Main content

Fight for Areng Valley + Lost World

Fight for Areng Valley + Lost World

View on The Global Environmental Justice site

Rajashree Ghosh
Resident Scholar, Women’s
Studies Research Center,
Brandeis University

Miriam Morgenstern
Social Justice Educator,
Curriculum Consultant

Two related films
These films directed by Cambodian-American filmmaker Kalyanee Mam can be used separately or together.

Teacher's guides for college and secondary use
Please see the teacher's guide for maps, background, questions and activities for each film, and supplementary materials.

For grades 8-12
The guide also includes lesson plans for grades 8-12 for each film. This is an experiment. If you would like to see more lesson plans for secondary use, in this vein, please contact us at

Fight for Areng  Watch this film

Reem Sav See and her family, members of the Chong ethnic minority, depend on the unspoiled river and forest environment in the lush Areng Valley for their livelihoods. The Areng Valley is home to 1,700 people, mostly Chong, who live in close-knit communities that are deeply connected to the land by local conservation and belief systems. The Chong consider the surrounding forests and the pristine Areng River to be sacred, inhabited by spirits, and the source of life. However, with support from China, the Stung Tatay dam is being constructed on the river, threatening to flood large swathes of forest and farms and displace 1,500 people. Given the threats to the sacred forests, rivers, and to their lives and livelihoods, Reem Sav See and other community members join Buddhist monks from Phnom Penh to oppose the dam and protect the forests.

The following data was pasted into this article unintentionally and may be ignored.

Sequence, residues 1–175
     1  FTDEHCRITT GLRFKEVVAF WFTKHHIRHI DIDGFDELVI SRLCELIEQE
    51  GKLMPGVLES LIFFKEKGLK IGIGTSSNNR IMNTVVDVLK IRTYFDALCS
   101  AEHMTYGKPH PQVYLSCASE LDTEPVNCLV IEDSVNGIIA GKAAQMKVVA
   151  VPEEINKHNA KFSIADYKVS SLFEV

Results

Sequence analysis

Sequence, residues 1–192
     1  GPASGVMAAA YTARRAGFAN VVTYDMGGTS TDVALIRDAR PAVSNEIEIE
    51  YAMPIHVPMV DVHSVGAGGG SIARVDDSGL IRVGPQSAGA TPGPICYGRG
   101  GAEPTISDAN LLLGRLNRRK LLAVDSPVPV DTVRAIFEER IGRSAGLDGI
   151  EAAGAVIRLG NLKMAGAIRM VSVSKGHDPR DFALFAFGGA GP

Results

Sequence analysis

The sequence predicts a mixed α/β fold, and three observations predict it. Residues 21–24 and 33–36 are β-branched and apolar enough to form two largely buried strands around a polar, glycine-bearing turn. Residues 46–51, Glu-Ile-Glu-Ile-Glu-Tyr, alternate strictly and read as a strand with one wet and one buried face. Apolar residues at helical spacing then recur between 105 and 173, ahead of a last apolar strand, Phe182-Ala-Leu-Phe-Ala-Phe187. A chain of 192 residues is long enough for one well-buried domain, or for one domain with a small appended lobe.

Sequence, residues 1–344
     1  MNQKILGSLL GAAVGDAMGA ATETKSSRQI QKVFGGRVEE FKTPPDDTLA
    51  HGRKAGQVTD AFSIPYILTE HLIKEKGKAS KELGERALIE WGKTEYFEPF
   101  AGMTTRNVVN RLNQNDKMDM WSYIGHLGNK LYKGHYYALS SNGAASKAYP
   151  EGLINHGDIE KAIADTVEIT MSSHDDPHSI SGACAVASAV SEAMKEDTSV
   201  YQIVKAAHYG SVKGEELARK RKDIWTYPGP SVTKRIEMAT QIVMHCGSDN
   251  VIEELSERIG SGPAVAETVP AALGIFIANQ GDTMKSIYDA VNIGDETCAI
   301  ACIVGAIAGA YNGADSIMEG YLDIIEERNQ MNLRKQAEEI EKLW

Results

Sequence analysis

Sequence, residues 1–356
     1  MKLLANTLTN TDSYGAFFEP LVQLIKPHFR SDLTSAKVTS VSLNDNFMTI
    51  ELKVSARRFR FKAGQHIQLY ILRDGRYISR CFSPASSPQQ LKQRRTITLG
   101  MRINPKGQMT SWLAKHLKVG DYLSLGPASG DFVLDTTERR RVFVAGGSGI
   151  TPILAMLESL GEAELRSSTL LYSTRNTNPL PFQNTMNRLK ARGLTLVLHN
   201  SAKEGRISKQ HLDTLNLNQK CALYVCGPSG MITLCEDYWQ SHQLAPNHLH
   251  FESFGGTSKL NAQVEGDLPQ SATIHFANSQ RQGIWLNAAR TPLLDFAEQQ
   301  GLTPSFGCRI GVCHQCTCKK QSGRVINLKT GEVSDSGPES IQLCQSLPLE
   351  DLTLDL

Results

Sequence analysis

Lost World   Watch this film
Near Koh Sralau, off the west coast of Cambodia, sand dredging is ravaging the ecosystem of the mangrove forests that thousands of families depend on for their livelihoods. Eighty million tons of sand have been extracted and transported to Singapore to expand its landmass and build a theme park. Dredging machines and sand barges also dump their waste directly into the river, causing steep declines in fish and crab catches. Vy Phalla and members of her village have borne the brunt of the mining operations. While residents of Koh Sralau grapple with the threat of erasure, a ravaged natural landscape, and ruined livelihoods, Singapore thrives in its veneer of sustainability in artificial “cloud forests” constructed in a greenhouse that showcases an exotic “lost world.”

Why we selected these films
Fight for Areng Valley and Lost World shed light on the environmental destruction caused by sand mining and dam construction in Cambodia, along with the more general threat posed by “development” projects to the culture, heritage, and livelihoods of indigenous peoples globally. The challenges facing the communities in these films are extraordinary, but so too are the people. They are strengthened by a proud heritage and a belief in a better future for their children and homeland.Taken together, these stories, beautifully filmed by Cambodian-American director Kalyanee Mam, provide a vivid and thoughtful meditation on humankind’s relationship to the natural world.

The enviironmental Justice focus of these films
Since the sand dredging began, every family in Vy Phalla’s community at Koh Sralau has experienced a family member being forced to migrate to other places and even other countries for work. “First the land gives way,” the director writes, “and then the people, and soon the entire fabric of a culture and identity is lost. Land was once considered the most secure and sacred ground we could stand on. Now even land, like people and commodities, can move and shift, smuggled and bartered for profit.”




file names


Related Films

Blood and Gold

Blood and Gold: Inside Burma’s Hidden War explores the intensification…

Waking the Green Tiger

Seen through the eyes of activists, farmers, and journalists, Waking the…